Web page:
In our echocardiography department, you can receive heart tests that will give your physician information about how well you heart is working. These ultrasound images give clear pictures of the walls, chambers and size of your heart. Our clinical staff is certified to provide the best imaging possible. These ultrasound tests include:
- TEE exam: The TEE exam is completed when your physician wants to have a closer look at your heart from inside your esophagus (or throat). These ultrasound images can give your physician information about diagnosing and treating diseases, infections or problems with the walls or chambers of your heart.
Vascular ultrasound department
In our vascular ultrasound department, you can receive testing which will give your physician information about the vessels of your body, including your brain vessels and the carotids in your neck all the way down to your lower legs. These ultrasound images help to show how fast your blood is moving through your vessels. Additionally, our clinical staff also performs an exam looking for peripheral arterial disease (PAD) called an ankle-brachial index test (ABI). Our clinical staff is specialty certified to provide the best imaging possible. Vascular imaging will give your physician information about diagnosis and treatment options for possible blockages, aneurysms, tears, blood clots and varicose veins.
If a cardiac surgeon determines you are at high-risk or too sick for open-heart surgery, and if medicine is not helping you feel better, TAVR allows a new valve to be inserted within your diseased aortic valve while your heart is still beating. This minimally invasive surgical procedure repairs the valve without removing the old, damaged valve. Instead, it wedges a replacement valve into the aortic valve’s place.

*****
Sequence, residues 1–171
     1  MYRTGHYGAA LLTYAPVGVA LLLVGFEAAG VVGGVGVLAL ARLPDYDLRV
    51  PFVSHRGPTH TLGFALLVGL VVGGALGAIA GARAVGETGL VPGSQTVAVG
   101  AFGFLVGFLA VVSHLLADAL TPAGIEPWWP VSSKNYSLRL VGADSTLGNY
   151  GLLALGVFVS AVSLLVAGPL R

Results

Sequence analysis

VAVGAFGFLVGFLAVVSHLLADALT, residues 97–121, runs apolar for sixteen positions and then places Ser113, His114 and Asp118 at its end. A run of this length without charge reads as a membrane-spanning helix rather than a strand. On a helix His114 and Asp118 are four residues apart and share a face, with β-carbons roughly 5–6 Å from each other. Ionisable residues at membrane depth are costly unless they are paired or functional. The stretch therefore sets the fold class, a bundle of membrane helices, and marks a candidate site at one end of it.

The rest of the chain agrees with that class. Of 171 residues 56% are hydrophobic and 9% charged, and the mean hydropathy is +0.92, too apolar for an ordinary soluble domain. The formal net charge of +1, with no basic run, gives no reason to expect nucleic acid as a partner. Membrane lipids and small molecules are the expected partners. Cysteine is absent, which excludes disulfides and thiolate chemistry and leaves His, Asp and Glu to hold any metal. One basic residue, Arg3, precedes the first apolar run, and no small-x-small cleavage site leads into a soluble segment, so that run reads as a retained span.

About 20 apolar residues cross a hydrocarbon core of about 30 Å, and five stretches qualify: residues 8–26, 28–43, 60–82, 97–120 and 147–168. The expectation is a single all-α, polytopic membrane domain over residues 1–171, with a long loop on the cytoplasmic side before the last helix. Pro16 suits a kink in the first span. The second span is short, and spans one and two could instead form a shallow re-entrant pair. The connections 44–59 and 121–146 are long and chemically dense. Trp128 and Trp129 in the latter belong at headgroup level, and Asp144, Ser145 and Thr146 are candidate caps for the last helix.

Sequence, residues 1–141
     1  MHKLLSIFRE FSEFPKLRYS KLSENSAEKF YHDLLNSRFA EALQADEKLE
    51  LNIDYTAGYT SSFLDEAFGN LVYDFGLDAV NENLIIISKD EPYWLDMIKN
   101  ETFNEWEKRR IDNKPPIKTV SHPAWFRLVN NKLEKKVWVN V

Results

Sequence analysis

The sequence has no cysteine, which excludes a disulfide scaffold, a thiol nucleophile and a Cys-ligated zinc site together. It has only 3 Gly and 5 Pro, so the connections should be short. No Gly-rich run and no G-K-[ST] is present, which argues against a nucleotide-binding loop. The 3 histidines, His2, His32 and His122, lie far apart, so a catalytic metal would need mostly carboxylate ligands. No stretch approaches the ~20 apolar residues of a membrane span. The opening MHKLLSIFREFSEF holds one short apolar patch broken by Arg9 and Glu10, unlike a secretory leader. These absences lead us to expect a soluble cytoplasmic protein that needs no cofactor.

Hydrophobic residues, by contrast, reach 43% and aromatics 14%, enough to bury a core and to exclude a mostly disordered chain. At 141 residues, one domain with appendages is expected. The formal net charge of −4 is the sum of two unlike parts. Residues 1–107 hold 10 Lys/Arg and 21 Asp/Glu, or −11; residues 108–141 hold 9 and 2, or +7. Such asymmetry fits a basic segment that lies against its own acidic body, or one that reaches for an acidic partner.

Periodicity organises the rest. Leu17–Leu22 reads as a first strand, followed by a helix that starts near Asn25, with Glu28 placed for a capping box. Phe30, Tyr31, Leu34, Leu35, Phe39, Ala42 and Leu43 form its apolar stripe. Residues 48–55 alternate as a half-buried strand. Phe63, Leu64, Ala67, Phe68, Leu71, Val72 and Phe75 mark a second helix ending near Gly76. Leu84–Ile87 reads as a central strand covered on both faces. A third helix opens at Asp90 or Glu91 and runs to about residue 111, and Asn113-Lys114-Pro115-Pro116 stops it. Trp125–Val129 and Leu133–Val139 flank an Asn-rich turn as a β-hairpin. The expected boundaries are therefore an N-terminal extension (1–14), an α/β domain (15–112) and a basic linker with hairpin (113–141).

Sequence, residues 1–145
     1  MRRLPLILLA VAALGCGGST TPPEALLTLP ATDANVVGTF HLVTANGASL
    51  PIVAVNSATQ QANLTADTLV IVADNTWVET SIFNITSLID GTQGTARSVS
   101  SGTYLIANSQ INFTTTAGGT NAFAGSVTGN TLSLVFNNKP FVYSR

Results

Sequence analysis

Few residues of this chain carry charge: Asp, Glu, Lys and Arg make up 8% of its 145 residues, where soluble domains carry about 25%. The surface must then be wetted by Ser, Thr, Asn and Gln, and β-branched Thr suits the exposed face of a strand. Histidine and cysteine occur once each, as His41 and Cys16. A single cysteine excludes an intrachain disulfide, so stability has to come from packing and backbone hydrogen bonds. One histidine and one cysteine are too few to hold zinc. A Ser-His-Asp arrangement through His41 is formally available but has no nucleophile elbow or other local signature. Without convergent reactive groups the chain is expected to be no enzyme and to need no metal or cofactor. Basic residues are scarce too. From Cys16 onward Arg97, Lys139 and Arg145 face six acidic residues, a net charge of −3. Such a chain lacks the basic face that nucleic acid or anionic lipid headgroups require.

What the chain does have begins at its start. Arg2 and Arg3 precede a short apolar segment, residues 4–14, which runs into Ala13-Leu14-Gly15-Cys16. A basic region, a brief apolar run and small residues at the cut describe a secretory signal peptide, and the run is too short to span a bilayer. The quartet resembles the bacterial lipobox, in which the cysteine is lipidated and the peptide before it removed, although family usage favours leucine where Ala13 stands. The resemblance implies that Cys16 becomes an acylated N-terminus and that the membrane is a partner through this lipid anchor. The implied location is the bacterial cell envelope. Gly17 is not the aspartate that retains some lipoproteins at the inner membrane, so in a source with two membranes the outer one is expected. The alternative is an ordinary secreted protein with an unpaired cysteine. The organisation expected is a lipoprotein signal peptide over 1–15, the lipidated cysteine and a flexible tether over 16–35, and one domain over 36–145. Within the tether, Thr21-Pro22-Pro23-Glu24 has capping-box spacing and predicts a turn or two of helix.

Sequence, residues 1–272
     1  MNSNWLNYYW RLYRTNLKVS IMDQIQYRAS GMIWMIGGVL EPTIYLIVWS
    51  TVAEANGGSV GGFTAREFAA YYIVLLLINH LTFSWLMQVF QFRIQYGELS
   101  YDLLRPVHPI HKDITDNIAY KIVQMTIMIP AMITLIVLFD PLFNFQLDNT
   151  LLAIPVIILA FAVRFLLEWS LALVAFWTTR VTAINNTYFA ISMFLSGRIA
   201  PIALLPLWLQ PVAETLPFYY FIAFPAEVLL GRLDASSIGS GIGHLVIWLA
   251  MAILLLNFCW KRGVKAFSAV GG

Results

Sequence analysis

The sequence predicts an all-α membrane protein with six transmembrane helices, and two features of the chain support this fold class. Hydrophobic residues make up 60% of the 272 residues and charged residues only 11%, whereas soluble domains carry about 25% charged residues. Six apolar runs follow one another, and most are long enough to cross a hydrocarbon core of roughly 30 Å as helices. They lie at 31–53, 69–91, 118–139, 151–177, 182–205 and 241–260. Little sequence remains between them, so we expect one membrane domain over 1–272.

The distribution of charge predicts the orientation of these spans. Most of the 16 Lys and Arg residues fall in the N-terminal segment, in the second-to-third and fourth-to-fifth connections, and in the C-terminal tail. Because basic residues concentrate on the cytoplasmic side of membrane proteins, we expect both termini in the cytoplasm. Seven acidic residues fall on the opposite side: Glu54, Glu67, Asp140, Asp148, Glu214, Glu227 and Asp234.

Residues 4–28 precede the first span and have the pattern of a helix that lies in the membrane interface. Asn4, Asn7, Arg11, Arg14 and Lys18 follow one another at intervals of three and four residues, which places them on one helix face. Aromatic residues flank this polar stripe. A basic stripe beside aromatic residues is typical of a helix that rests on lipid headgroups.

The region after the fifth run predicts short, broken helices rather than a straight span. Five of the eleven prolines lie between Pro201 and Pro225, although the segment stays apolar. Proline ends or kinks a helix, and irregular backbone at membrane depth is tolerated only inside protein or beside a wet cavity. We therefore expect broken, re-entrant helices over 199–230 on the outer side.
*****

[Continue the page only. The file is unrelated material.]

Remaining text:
The TAVR approach delivers a fully collapsible replacement valve to the valve site through a catheter. Once the aortic valve replacement expands, it pushes the old valve leaflets out of the way and the tissue in the replacement valve takes over the job of regulating blood flow.
Usually valve replacement requires an open-heart procedure with a “sternotomy,” in which the chest is surgically open for the procedure. The TAVR procedure can be done through very small openings that leave all the chest bones in place.
The TAVR procedure is performed using one of two different approaches, allowing the cardiologist or surgeon to choose which one provides the best and safest way to access the valve: